Posts Tagged ‘tweeting’


2012 Social Media Trends from IABC DC Metro

Monday, January 30th, 2012

Even though we know digital and online media continues to change, IABC/DC Metro started 2012 with a chapter meeting tackling the latest Social Media Trends.

The panelists included:

Emerging Social Media Trends
Each panelist brought different industry point-of-view to the discussion. Radick took government. Horowitz gave the agency perspective, Steigman reviewed the small business view and Dunham brought insight from publishing and the media.

  1. Government Use: Radick dispelled the myth that the government is behind the curve, but he did see them stalling in advances for 2012 because it is an election year.
  2.  Internal Communications: Radick also thinks there will be more enterprise 2.0 or social media behind the firewall to internal audiences.
  3. Integrated Efforts: Both Radick and Horowitz confirmed they see more integration into all lines of communications.
  4. Influencers: They felt the days of the “social media guru” are dying fast. Horowitz said it’s time to look for persuaders or influencers who can help persuade others to your thinking or agenda.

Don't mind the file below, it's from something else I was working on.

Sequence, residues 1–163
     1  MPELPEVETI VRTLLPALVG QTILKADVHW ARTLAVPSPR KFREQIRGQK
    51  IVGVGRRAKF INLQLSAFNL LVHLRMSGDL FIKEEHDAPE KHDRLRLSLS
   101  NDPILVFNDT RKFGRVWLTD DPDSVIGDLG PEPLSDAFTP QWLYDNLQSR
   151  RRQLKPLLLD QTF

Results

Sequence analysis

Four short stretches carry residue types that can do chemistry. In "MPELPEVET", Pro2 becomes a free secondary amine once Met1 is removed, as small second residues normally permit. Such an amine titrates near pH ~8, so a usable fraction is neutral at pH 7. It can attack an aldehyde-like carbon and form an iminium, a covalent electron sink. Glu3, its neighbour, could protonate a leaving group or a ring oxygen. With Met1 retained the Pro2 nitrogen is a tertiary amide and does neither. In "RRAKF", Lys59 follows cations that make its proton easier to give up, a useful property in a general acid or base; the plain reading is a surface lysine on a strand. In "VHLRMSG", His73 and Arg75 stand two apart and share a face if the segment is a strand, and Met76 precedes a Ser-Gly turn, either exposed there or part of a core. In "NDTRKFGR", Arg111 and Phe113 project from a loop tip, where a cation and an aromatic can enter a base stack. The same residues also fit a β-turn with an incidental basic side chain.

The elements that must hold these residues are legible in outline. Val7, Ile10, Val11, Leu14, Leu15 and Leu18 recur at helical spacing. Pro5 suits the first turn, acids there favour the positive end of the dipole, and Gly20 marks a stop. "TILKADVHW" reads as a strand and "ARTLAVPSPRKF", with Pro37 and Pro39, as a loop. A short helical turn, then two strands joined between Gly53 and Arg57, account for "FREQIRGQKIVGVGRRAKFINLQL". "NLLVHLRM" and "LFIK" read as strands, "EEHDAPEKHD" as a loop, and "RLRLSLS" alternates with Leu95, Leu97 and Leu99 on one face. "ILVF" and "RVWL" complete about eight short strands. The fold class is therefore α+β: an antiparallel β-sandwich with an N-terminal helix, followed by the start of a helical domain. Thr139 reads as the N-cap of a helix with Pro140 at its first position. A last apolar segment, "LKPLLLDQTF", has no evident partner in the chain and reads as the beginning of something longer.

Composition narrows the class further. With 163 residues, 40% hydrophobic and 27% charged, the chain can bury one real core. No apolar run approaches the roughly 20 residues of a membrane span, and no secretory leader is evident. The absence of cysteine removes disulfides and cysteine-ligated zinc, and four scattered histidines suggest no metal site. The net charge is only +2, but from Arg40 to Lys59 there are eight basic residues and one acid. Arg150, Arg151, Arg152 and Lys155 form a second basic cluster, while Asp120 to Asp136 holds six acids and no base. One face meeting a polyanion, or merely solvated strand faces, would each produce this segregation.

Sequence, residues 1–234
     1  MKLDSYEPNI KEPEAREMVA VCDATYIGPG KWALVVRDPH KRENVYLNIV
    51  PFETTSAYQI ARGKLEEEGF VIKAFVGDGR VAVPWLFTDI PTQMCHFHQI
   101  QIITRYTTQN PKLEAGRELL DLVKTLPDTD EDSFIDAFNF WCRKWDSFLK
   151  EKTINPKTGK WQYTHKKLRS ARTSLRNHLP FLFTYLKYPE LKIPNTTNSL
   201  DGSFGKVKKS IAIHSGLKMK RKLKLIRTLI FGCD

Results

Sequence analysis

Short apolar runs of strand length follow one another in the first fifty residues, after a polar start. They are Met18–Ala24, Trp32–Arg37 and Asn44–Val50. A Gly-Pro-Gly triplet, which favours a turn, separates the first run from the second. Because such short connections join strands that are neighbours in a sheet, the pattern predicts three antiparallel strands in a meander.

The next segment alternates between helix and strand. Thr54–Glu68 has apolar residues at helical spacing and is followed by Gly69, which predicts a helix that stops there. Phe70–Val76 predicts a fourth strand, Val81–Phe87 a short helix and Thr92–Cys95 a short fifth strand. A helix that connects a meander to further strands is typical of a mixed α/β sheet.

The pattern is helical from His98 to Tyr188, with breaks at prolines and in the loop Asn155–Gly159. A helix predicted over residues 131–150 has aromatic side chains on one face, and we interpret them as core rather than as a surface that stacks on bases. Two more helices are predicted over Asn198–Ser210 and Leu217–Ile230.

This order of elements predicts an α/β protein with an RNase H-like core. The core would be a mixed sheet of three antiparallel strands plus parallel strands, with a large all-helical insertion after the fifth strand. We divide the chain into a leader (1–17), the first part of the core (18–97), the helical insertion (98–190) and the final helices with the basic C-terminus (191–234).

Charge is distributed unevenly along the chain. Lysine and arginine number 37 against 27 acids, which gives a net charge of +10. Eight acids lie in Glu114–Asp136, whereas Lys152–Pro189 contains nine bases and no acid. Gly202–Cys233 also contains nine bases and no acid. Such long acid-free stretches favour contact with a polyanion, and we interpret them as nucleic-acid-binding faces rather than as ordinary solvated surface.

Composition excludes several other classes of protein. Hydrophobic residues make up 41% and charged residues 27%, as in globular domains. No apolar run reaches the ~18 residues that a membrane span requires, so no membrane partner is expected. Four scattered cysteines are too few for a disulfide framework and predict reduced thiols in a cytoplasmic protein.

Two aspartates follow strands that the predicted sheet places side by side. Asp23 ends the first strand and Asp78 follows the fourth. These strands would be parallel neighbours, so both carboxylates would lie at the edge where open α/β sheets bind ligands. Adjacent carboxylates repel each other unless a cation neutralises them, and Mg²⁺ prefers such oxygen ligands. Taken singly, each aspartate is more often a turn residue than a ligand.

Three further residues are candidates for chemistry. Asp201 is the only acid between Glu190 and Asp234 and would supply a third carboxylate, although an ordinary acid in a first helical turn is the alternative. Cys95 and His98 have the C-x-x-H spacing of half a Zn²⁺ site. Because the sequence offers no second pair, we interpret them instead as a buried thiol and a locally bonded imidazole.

5. Small Business: Steigman sees social media platforms as a reliable ecosystem and wonders how they can be used to make it easier to reach customers. She suggested reading Phil Simon’s The Age of the Platform: How Amazon, Apple, Facebook, and Google Have Redefined Business. She also feels it will be key for business to understand search and the data around it.  
  6. Digital Skills: Dunham is amazed by the use of tablets for tweeting, video, etc. Because many of his colleagues are not digitally inclined, he relies on interns to provide new ideas for using social media to drive more readers to their media properties.  

Social Media Best Practices for 2012
As with all social media discussions, some great best practices come out. Radick reminded us, “Don’t concentrate on social media tools, but concentrate on the principles behind them.

“When asked how to best measure social media, Horwoitz said, “You need to measure based on business goals, don’t measure on tactics.”